by Emily Conrad
Atonement is the word of the day on September 30th, not by my choice, but because that’s the word Dictionary.com chose to email to its word of the day subscribers. I’d signed up only a couple of days before.
When I see atonement in my inbox and leave it, a pin in a thought that’s bowled me over and demands closer examination.
It all started the day before with a simple assignment from Christina Hubbard of the blog Creative and Free. In October, writers celebrate 31 days of writing, and for her part, Christina went out and invited 31 creatives to join her on her blog with the mission of encouraging other creatives. She offered some prompts, the first of which was to share insight to bolster and heal when we feel like we aren’t enough.
On September 29th, when I sat at my laptop to put together my 3-4 sentence response, I was emotionally pretty normal-okay. I put my fingers to the keys without thinking too hard and let two sentences rise:
There are days when I am certain the words I write reek of my imperfections. I look at them and wonder how God could ever use such a tainted offering.
And just like that, I had myself in tears.
This is not normal for me. I’ve heard other novelists cry when they write sad scenes, but I don’t think I ever have. In my non-fiction, should I write something about myself, something so true it prompts tears, it’s usually in my journal, and not for a blog. But this assignment was specifically for sharing, and hey, the assignment said to be vulnerable.
Until that moment, I hadn’t realized my fear of not being enough went so deep. I decided I had to stop to investigate, I had to finish the assignment. Maybe I wouldn’t be ready to share the result, maybe I’d have to start over, but I had to watch it play out on the page. So, I continued.
The trouble with writing is no amount of revision can edit the human out of the process. Scripture is God-breathed and infallible, but blog posts, short stories, and novels are not. I never thought much about it, but as I prepare to launch my first novel, I’m sobered by the realization that my humanity is spilled all over the pages for all to see, read, weigh, rate, review, believe, or debate.
Any endeavor is the same. Our lives are visible to others. They see, weigh, form opinions about us and base beliefs on us.
It’s daunting to claim to be a Christian in this world. It’s daunting to serve a perfect God when even our best efforts are imperfect. No matter how hard we work to be perfect, to perform perfectly in honor of God, we fall short.
But we are not the first with this problem.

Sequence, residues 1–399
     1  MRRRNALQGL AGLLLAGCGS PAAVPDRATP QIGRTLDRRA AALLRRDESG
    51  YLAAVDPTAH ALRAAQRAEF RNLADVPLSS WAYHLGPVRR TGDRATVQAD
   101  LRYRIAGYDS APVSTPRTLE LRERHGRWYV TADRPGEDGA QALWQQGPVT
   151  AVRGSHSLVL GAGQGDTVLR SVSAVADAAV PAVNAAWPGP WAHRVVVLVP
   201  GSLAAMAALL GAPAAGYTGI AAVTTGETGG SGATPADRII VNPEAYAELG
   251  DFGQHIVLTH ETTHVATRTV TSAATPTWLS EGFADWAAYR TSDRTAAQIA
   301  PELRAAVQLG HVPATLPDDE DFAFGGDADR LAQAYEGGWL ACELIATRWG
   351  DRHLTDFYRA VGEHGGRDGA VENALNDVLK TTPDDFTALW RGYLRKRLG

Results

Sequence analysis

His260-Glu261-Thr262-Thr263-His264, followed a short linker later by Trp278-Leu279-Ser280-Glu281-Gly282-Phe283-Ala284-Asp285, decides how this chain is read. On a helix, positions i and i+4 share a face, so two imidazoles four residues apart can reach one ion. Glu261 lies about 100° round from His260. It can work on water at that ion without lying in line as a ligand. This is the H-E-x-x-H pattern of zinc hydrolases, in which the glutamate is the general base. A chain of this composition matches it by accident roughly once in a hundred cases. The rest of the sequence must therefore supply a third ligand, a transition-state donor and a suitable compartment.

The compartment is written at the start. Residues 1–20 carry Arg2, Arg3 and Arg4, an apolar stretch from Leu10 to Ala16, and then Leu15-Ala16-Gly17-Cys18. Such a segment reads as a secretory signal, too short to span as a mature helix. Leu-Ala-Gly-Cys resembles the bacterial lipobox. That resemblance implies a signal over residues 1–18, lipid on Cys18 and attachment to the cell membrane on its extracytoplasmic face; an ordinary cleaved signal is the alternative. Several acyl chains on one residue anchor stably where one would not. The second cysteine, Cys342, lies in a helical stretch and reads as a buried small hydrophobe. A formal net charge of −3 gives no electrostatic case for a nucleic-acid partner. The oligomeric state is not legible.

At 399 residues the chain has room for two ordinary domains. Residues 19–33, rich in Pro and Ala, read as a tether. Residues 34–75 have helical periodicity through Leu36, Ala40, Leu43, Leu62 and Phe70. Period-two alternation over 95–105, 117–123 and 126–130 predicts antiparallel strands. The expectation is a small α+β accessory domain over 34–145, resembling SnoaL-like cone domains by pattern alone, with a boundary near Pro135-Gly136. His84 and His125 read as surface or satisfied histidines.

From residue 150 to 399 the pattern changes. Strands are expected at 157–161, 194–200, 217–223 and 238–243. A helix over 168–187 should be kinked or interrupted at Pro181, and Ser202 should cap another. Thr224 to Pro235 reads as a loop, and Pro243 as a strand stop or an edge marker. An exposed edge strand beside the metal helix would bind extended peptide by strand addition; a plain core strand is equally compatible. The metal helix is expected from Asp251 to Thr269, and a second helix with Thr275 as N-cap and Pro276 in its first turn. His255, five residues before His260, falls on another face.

Reminded of this, I did manage to finish the assignment, finding comfort for myself and what I hope is comfort for you, too. The post goes live at 10AM 10/3 here but if you happen upon this earlier than that, you can still hop over and peruse the other posts here. They are so worthwhile.
The assignment was to write 3-4 sentences. The Gettysburg address on not-enough-ness.
I’m not really such a succinct writer, hence the novels. Hence this blog post.
Even after completing my assignment, I had more exploring to do, and I believe God wanted to see that happen because the next day, the word atonement landed in my inbox.
When fears of not being enough strike me, it’s because I’ve decided it all depends on my performance.
It doesn’t. And it doesn’t depend on yours, either.
Atonement reminds us of this. Jesus’s performance covers ours. He works all things together for our good.
And do you know what this Jesus did to treat those tears of mine?
He emailed me about atonement.
He drew a discussion about Jonah in a class at church on Sunday toward the truth that even when we are willfully disobedient, He can still use us to draw people to Himself. How much more so when our heart is to please Him? We may still be imperfectly human, but God is perfectly divine. Perfectly in control. Perfectly able to use those He calls to write and lead and serve and care in each and every way He calls them to do all those things.
He invited me to read the second chapter of Unseen by Sara Hagerty (affiliate link). I’d liked the first chapter enough to tell my sister about it, but I’d let other projects get in the way of reading more. Then I was gifted with a little time to myself and decided to use it on the book. Hagerty wrote of how her adopted children tend to work hard to be perfect, lest they lose their place in the family. The chapter told the story of one of her daughters, who “was breaking free form the lie that many of us believe: performance earns our keep.” (pg 44) Haggerty speaks of her daughter and of Mary and Martha to illustrate the truth: our keep was earned by Jesus on the cross, and the best response is to spend our time not on striving harder, but on sitting at His feet.
He led another writer friend of mine, Jerusha Agen, to also write about not being enough in an insightful post that landed in my inbox on October 2nd.
Why has He done all this for me? I’m still me, flaws and all, so it’s nothing I’ve done. He rescues me because, while I’ve never been enough, He is more than enough. He, and not my performance, is my only hope.
I’ve read that our eternity with God begins not in heaven, but at the moment we first believe. As I see Him orchestrating so much to speak to this issue in my heart, I see this is true. I see that even now, God is wiping the tears from my eyes in a kind of heaven on earth.
What will He do next? I have no idea, but I’m keeping an eye on my inbox, an ear open to conversations, a mind open to reading and to writing prompts. We serve a God who is living and active, who hears and responds to the cries of His children, who is enough. More than enough.